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Feedback

Do you know the difference between a Check-in feedback session and a regular feedback?

Regular feedback is punctual and must be given to the Rocketeer as soon as possible to share a situation or behavior you have observed. This is an opportunity you give another Rocketeer to create awareness about a possible improvement, and it is also a way to live by our DOTS - being transparent, owning the responsibility, sharing your thoughts, and trusting your colleagues.
Meanwhile, the Check-in feedback session happens twice a year and it is the specific moment of the performance review cycle when the managers get together with their team members to give feedback (regarding the past 6 months), talk about careers, align expectations and define the goals for the next semester.

What is daily feedback?

Given very close to when the situation or the behavior was observed, on the same day or on the next 1:1 session.
Attention! Be careful to have the right context and the right timing. You should avoid saying anything when you feel the receiver is not open to listening to it (in a bad mood, upset, nervous, overreacting, or angry).
Can be corrective - related to something the Rocketeer needs to improve or change (in behavior, activities, processes, or results) - or positive, when you want to highlight a behavior or a result you would like to see more often in Rocket.Chat.

How to give good daily feedback?

First, prepare what you will say, have some examples, and make sure you are in an appropriate environment. The five steps below will also help you:
  1. 1.
    Context: Provide context and explain how the situation took place;
  2. 2.
    Facts: Share what you observed and be specific about it, you should not be personal. Example: Your team member lost a deadline. Don’t say they’re disorganized, instead state the fact: “We had this important project to deliver yesterday and I haven’t heard anything about it yet.”
  3. 3.
    Impact: Describe how you feel or the consequences of the action;
  4. 4.
    Discussion: Check if the person understood you well and encourage them to share their version of the fact;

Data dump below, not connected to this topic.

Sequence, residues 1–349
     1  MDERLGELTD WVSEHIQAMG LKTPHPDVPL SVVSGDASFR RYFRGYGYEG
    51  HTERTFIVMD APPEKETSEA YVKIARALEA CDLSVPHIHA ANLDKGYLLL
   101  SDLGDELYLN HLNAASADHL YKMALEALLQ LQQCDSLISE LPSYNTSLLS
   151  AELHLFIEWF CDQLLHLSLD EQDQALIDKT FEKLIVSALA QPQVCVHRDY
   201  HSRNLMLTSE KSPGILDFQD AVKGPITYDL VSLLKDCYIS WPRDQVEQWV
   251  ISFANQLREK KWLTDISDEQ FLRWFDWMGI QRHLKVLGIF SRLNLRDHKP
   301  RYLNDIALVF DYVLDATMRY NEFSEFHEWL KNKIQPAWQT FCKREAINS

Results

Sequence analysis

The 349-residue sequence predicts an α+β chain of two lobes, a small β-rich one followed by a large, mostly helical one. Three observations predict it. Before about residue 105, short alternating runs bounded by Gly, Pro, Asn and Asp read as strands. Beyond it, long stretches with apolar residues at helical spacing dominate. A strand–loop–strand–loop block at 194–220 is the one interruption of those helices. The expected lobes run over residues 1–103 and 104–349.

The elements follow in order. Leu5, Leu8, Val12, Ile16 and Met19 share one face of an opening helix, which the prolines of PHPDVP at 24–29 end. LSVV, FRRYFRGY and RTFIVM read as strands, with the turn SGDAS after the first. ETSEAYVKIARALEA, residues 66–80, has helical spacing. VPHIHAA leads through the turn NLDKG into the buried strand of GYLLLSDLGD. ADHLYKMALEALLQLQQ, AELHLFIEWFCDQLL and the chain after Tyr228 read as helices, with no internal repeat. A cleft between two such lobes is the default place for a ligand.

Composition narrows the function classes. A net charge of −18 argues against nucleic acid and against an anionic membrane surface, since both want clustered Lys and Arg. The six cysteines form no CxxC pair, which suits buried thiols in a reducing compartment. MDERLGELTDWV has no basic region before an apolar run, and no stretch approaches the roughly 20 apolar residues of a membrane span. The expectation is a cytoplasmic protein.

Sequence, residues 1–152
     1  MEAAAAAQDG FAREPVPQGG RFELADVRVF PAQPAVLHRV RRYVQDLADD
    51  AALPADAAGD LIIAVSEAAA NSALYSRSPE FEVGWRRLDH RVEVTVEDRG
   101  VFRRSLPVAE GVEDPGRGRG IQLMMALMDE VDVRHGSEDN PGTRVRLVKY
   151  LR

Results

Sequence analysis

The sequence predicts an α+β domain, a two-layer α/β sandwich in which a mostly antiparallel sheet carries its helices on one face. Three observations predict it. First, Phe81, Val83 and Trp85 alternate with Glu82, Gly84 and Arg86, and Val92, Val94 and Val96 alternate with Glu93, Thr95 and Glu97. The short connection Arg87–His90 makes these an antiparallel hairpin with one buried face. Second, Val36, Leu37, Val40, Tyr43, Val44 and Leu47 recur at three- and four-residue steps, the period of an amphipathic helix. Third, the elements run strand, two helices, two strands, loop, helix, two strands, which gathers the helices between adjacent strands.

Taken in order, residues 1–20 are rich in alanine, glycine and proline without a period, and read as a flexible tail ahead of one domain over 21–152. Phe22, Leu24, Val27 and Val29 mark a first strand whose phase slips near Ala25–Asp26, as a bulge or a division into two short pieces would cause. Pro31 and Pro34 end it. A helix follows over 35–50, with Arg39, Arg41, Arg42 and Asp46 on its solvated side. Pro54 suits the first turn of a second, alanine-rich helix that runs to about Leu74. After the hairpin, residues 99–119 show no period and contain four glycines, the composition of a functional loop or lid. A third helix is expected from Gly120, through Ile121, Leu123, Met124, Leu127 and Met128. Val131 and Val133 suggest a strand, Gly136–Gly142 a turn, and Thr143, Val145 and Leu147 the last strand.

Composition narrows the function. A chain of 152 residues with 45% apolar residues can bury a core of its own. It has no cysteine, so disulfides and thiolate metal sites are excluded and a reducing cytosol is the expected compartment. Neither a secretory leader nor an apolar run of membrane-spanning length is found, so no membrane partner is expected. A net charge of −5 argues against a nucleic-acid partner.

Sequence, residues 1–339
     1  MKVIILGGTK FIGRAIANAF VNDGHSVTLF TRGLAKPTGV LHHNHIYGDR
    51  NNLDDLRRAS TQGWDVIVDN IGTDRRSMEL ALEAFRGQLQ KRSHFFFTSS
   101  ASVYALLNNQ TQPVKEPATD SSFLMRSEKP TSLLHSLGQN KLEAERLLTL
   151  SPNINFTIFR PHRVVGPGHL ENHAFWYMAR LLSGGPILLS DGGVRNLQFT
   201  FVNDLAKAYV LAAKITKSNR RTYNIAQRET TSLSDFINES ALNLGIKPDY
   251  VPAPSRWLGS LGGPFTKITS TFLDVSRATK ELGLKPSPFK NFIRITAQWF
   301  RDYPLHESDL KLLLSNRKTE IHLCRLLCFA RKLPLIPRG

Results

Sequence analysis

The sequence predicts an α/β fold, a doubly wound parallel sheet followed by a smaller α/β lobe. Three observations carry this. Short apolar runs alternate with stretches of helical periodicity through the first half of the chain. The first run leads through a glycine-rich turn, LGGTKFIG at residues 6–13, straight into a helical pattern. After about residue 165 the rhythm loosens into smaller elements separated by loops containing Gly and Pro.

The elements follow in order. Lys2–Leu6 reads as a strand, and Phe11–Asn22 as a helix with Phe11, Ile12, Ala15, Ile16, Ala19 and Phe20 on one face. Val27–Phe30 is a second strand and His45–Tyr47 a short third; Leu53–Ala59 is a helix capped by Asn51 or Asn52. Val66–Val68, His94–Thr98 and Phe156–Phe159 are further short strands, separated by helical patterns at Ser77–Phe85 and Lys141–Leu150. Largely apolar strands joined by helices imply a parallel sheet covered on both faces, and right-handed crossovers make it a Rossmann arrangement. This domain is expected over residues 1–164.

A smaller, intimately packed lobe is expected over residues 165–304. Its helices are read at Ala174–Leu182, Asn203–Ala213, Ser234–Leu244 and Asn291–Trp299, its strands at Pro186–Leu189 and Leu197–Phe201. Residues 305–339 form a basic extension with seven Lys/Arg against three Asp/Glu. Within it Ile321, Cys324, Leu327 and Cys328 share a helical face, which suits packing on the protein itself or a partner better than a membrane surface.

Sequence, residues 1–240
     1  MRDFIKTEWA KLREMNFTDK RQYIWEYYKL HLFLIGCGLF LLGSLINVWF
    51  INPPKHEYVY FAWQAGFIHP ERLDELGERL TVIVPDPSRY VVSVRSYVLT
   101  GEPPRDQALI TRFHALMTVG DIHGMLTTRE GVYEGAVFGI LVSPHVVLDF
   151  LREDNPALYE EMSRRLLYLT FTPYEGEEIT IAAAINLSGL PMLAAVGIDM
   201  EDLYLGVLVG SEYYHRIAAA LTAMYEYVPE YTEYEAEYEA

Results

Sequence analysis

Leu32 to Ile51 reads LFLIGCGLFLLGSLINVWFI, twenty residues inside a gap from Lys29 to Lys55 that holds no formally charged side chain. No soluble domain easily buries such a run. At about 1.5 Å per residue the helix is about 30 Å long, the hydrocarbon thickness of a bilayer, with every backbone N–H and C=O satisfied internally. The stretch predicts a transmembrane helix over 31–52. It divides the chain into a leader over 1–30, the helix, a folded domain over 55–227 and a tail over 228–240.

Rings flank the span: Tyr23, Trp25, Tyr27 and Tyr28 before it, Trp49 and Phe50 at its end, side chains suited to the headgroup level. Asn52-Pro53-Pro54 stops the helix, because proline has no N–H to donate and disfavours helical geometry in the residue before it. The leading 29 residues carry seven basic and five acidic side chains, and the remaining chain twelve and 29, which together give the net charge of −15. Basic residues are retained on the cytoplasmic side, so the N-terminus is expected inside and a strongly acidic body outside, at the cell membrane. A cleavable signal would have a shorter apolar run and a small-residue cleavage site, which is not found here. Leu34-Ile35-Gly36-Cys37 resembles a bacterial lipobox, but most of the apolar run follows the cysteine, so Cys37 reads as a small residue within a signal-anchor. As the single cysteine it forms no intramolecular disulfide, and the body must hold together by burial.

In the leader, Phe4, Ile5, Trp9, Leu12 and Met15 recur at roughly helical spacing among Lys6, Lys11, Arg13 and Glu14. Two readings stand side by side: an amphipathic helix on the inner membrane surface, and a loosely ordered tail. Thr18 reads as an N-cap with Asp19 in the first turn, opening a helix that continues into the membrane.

5. 5.
    Action: Suggest specific and alternative behavior and decide together what actions should be taken to avoid happening again.

Don’t forget:

Be well-intended - the motivation for giving feedback is trusting in the improvement of the receiver, believe in what you are saying and believe it will contribute to the person who is receiving it.
Be straight to the point - your message should be crystal clear. Being straight to the point doesn't mean being rude or aggressive, means being transparent and direct. Be careful with the tone of voice and the way you convey the message.
Do not be personal - focus on behavior, not people.
Choose the right timing - It must be given in private.
We come from different cultures - Meaning we convey and receive feedback differently, but the effort of being mindful of how we’re communicating should be done by both the speaker and the listener! To learn more about this essential topic for global teams, check out the book “The Culture Map” from Erin Meyer.
If the receiver doesn’t agree with the feedback or overreacts, ask them to think about it and mature what was said. You can schedule a second meeting, after giving time for them to think, reflect and get their own conclusions.
To learn more about daily feedback check out “Radical candor” from Kim Scott, an excellent match to our DOTS!

Check-in Feedback Session

On the other hand, the Check-in Feedback Session happens every 6 months after the Review stage of the Check-in process.
If you are a manager and want to know more about how to plan this session you can click here to access a complete guide.
If you’ll receive the feedback you should also prepare yourself by keeping these tips in mind:
  1. 1.
    Listen carefully
  2. 2.
    Wait until the other person is finished to say something or to ask for more details
  3. 3.
    If the feedback is not crystal clear to you, ask for examples
  4. 4.
    Discuss about your career, expectations, and development! Sharing these points with your manager is essential to create alignment and to help you get guidance to achieve your goals.
  5. 5.
    If you have feedback for your manager, this is a good opportunity.
Last modified 16m ago